“The words hung over the room like a soaring eagle as soon as they came out of Mayor Dan Rogers’ mouth.
‘…maybe your vision for downtown includes a restaurant on Connaught Hill…'”
There’s been a lot of talk lately about downtown Prince George. For years decades it’s been a point of contention for residents, as everybody debates how, or even if, it could be revitalized as an urban hub. This isn’t a post about that. This is a post about the idea quoted above, from the mayor of our city, sparked by the downtown debate, that I just can’t shake.
Why? Why? Why?
Why would this seem like a good idea?
Granted, it’s just an idea, thrown out as a bit of a brainstorm, but I’m a little bit disturbed at the thought of it catching on. I mean, just look at the breathless way the Citizen chose to describe it. There’s the possibility that the watercooler talk and letters to the editor just might be enough to make somebody pursue this. They shouldn’t.
First off, according to this tool, Connaught Hill Park is roughly 0.03034 km², or 3.034 hectares in size. In the aforementioned article, it is said that “The experience of other B.C. municipalities indicates it is absolutely possible to build a restaurant inside a city park. Stanley Park alone has four, all of them medium-to high-end dining (plus vendors, concessions, and eateries at the Vancouver Aquarium and other park attractions).” Really? We’re drawing comparisons to Stanley Park here? Stanley Park which is 404.9 hectares large, bigger even than New York’s Central park? I mean… just… seriously?
You want to know how big the Keg, a mid-sized downtown restaurant, is? Five percent of Connaught Hill park’s total. That’s not counting parking, the need to add services, a dumpster, and the like. You’re basically proposing taking one of the nicest views in the city and replacing it with a garden for the restaurant.
I get the appeal. Prince George is seriously lacking in nice, outdoor dining. But there’s no shortage of alternatives– two are just throwing ’em out there, the third is one I really think should be pursued.
1. Fort George Park
Fort George Park is far bigger than Connaught Hill, plus it has the added benefit of not being on a hill, already having multiple parking spots, and having other destinations you could build beside (a museum, for example). Oh, and there’s the possibility of getting a view of the river. Which brings me to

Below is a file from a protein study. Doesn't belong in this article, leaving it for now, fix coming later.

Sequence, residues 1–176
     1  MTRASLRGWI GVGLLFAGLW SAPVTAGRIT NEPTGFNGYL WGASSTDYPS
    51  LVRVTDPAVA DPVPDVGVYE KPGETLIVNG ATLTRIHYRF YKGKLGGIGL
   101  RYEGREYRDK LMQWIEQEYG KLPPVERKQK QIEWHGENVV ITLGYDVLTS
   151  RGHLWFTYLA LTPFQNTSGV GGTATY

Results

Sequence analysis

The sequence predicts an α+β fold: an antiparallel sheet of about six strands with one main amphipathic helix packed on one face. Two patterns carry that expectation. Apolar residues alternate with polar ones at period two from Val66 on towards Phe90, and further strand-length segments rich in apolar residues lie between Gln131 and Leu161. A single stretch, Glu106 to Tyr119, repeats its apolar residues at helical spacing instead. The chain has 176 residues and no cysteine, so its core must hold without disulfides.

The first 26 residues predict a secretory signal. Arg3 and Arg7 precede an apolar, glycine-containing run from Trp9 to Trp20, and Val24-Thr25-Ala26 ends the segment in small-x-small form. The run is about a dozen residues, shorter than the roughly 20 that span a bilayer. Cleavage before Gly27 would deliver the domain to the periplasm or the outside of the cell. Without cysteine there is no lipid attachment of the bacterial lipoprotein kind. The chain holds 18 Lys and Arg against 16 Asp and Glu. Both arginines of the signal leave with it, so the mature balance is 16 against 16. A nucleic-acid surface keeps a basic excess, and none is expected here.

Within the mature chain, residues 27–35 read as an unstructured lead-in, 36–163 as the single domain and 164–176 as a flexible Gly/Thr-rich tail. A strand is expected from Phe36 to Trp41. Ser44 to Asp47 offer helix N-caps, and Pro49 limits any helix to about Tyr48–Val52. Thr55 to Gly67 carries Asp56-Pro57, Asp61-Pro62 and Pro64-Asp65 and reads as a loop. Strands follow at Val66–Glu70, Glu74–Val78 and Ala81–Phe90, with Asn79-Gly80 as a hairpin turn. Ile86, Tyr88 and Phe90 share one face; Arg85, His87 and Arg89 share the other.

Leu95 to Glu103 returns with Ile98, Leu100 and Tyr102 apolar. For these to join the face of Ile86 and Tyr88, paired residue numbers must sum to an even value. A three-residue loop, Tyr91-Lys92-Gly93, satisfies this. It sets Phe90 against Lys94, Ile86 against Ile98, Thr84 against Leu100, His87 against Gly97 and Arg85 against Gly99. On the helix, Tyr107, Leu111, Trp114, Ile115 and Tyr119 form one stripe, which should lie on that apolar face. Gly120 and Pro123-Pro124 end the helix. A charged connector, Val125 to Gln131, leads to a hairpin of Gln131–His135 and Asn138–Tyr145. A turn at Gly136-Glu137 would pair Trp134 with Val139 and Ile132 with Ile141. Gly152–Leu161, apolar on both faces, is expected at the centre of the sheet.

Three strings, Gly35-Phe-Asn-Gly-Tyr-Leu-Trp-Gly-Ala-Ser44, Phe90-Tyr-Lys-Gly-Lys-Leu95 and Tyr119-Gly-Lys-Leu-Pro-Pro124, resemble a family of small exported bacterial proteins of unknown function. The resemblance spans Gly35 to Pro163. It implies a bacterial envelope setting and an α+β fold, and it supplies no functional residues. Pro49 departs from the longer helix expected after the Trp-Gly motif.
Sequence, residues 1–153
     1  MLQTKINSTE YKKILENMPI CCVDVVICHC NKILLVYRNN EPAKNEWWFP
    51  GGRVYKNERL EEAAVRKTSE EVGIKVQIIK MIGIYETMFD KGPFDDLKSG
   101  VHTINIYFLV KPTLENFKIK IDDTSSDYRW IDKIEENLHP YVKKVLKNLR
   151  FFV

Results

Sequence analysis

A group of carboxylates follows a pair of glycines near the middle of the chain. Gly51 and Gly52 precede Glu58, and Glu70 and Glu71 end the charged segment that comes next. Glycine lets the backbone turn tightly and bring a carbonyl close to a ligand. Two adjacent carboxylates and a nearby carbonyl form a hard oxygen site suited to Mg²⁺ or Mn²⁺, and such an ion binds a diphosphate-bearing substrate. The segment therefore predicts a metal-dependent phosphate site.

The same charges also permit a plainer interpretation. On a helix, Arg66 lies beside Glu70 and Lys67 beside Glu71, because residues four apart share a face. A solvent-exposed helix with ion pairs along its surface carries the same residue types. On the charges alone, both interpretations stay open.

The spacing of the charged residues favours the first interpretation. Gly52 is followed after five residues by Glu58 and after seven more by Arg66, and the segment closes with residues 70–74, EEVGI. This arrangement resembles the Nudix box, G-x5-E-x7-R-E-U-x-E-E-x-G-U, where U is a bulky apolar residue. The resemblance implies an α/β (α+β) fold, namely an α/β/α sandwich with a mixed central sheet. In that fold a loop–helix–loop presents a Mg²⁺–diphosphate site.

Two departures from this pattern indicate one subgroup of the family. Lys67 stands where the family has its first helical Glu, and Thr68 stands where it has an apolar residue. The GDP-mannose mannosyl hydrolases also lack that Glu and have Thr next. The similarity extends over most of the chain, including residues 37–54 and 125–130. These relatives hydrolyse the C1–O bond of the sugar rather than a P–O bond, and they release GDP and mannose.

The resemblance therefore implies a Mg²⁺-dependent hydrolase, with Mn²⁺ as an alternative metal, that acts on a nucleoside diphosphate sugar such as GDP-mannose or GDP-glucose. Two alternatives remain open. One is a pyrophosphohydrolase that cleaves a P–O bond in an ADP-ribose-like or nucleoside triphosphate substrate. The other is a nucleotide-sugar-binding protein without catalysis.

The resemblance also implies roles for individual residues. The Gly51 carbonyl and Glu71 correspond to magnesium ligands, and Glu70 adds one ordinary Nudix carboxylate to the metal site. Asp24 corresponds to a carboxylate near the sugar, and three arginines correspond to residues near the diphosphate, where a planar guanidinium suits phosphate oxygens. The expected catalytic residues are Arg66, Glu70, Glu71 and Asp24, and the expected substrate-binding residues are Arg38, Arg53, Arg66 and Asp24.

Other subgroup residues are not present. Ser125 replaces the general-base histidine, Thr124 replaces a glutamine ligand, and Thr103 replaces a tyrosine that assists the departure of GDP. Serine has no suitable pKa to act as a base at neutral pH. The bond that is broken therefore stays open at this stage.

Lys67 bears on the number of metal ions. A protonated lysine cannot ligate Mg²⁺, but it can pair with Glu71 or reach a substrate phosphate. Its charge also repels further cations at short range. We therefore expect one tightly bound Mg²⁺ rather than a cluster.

2. Beside a River
Of all the poor planning that has cursed Prince George in the modern age, it’s the complete under utilization of the rivers in our public space. There’s plenty of walking trails alongside them, but very little in the way of anemities where one might sit and contemplate it in a manner other than a picnic, in the same way that oceanside dining does in our coastal cities.
While we don’t have any retail/commercial venues beside rivers, we do have some very nice heritage houses in some severely undervalued neighbourhoods (undervalued largely because of crime rates, mind you, but no worse than those in the neighbourhoods surrounding Connaught Hill). If you’re going to put all that investment into an area that’s out of the way anyways, why not use it as a catalyst for bringing in other home-based busineses or bed and breakfasts into areas in need of a little touching up? Not the greatest idea, but I would prefer to see a NEW public space created alongside a river rather than lose a nice existing one to a commercial development.
3. The Roof of the Civic Centre
I actually think this is an extremely viable option. First, it’s within the downtown, which serves the purpose of developing it. Second, it has nice view. I eat my lunch beside the Art Gallery on occassion, and it’s quite the pleasant summer scene, with a fountain and Art Gallery on the one side, and the green of Connaught Hill Park overlooking everything.
In the winter, you get lights and a skating rink:
Unlike Connaught Hill, which is closed in the winter, Civic Plaza is open all year long. It is an existing facility, so you wouldn’t neccessarily need to staff it all the time, as it has other revenue sources. It already has catering service, so you could easily open a rooftop restaurant during the nice summer months and, if necessary, shut down or move indoors when it gets colder. It’s large enough that you could create a rooftop garden for atmosphere.
Now, it’s very possible that there’s many good reasons this wouldn’t work that I’m just not aware of. But if we’re spitballing here, I’d like to see this enter the conversation.
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